(x) must ensure that each independently operating space of more than 1 000 m2 and every separate floor of the building has provision to terminate airflow independently of the remainder of the system sufficient to allow for different operating times; and
[It is to ensure the HVAC can be shut off the floor to floor or in large space independently in the event of different operating hours.]

(xi) must have automatic variable temperature operation of heated water and chilled water circuits; and
[Chiller COP improves at a rate of 2-5% per 1C increase in chilled water temperature, heat pumps COP improve around 2% per 1C. Condensing boilers improves efficiency when return hot water is below 5C. Distribution losses for chilled water reduce by about 10% for every 1C increase in chilled water temperature. 2% per 1C for hot water.

(xii) when deactivated, must close any motorised outdoor air or return air damper that is not otherwise being actively controlled.
[It is only applicable when motorised dampers are provided. It does not compel dampers to be motorised.]

Table J5.2 Requirement for an outdoor air economy cycle

(b) When two or more air-conditioning systems serve the same space they must use control sequences that prevent the systems from operating in opposing heating and cooling modes.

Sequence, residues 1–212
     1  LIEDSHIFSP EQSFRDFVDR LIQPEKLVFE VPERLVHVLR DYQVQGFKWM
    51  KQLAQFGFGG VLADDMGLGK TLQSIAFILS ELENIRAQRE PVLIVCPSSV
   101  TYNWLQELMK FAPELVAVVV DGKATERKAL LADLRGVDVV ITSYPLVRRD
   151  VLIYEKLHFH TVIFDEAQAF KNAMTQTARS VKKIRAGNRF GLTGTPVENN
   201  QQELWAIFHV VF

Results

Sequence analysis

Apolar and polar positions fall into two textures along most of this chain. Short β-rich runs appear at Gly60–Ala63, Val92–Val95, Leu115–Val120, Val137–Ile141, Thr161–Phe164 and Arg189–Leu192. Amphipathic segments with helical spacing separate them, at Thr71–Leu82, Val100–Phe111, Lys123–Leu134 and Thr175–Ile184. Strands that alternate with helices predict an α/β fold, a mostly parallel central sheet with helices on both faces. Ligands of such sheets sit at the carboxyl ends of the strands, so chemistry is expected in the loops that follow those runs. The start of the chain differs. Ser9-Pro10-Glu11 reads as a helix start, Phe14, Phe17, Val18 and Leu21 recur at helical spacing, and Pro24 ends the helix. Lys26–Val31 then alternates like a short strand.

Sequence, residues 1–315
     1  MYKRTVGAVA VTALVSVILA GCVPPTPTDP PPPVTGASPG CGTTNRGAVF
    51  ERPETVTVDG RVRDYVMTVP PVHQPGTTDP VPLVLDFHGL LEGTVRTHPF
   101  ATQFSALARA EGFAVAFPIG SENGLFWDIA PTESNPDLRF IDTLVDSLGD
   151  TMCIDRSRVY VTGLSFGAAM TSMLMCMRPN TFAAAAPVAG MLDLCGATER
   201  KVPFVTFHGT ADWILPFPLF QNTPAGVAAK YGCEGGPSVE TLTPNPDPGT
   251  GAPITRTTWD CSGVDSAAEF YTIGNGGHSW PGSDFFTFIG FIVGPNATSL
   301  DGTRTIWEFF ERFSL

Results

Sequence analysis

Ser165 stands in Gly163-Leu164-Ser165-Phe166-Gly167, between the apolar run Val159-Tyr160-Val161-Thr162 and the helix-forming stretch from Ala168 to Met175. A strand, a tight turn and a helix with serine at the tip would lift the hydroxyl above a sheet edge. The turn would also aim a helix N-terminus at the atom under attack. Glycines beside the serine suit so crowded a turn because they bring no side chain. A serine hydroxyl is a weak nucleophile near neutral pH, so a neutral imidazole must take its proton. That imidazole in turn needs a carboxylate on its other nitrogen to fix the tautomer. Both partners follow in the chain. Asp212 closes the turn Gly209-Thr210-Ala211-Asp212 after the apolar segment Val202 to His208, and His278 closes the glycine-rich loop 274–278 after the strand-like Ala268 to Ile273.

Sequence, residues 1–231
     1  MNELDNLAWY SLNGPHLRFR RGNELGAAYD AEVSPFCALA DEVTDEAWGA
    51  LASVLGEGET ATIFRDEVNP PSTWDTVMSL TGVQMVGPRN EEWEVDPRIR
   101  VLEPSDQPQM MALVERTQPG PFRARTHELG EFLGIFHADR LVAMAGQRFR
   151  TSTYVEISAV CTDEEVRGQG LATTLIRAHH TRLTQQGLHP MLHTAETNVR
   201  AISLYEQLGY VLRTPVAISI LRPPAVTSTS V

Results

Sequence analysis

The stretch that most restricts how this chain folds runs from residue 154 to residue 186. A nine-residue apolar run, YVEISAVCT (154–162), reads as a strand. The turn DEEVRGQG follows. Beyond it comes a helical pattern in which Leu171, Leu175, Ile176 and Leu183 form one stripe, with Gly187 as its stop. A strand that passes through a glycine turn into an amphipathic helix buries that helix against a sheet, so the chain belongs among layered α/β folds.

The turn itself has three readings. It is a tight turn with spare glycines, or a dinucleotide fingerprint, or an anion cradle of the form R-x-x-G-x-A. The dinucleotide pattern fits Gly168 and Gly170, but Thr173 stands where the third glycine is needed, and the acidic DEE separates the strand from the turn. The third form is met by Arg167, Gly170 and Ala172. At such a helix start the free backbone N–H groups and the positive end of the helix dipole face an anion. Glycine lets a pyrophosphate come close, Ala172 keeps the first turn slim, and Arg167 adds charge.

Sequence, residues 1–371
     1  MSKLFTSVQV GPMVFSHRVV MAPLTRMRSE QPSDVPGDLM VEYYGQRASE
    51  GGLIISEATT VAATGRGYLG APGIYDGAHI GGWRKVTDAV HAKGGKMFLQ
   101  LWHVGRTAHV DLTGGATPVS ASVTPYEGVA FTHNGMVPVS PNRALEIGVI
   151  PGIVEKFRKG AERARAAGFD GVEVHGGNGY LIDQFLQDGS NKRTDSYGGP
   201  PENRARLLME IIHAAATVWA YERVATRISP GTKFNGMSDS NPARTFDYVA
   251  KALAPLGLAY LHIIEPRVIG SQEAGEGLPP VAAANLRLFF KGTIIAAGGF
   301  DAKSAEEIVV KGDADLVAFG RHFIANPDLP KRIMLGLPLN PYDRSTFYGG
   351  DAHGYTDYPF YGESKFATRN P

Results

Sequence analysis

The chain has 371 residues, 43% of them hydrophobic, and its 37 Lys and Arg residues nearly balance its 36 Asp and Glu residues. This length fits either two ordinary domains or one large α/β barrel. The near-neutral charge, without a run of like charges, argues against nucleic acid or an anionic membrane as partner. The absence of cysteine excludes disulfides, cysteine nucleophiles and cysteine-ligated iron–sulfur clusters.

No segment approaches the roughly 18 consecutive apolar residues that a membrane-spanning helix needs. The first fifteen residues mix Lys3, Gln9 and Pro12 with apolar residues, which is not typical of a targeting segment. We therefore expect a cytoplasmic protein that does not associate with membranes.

[It is relevant to supplementary air conditioners to avoid heating/ cooling risk with the base building HVAC.]

(c) Time switches—
[It is purely for energy conservation strategy, when not in use switch off. The Energy Hierarchy top most priority.]

(i) A time switch must be provided to control—

(A) an air-conditioning system of more than 2 kWr; and
(B) a heater of more than 1 kWheating used for air-conditioning

(ii) The time switch must be capable of switching electric power on and off at variable pre-programmed times and on variable pre-programmed days.
(iii) The requirements of (i) and (ii) do not apply to—

(A) an air-conditioning system that serves—

(aa) only one sole-occupancy unit in a Class 2, 3 or 9c building; or
(bb) a Class 4 part of a building; or

(B) a conditioned space where air-conditioning is needed for 24 hour continuous use.

Scroll to Top